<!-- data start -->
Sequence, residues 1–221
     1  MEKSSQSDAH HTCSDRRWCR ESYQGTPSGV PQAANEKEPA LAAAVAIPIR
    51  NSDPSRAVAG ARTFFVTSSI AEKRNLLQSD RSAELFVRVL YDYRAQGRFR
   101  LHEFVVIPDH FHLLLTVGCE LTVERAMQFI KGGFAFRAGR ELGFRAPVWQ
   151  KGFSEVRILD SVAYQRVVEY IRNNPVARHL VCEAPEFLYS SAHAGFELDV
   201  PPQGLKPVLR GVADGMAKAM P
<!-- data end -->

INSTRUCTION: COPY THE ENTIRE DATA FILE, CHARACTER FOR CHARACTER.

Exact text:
Sequence, residues 1–221
     1  MEKSSQSDAH HTCSDRRWCR ESYQGTPSGV PQAANEKEPA LAAAVAIPIR
    51  NSDPSRAVAG ARTFFVTSSI AEKRNLLQSD RSAELFVRVL YDYRAQGRFR
   101  LHEFVVIPDH FHLLLTVGCE LTVERAMQFI KGGFAFRAGR ELGFRAPVWQ
   151  KGFSEVRILD SVAYQRVVEY IRNNPVARHL VCEAPEFLYS SAHAGFELDV
   201  PPQGLKPVLR GVADGMAKAM P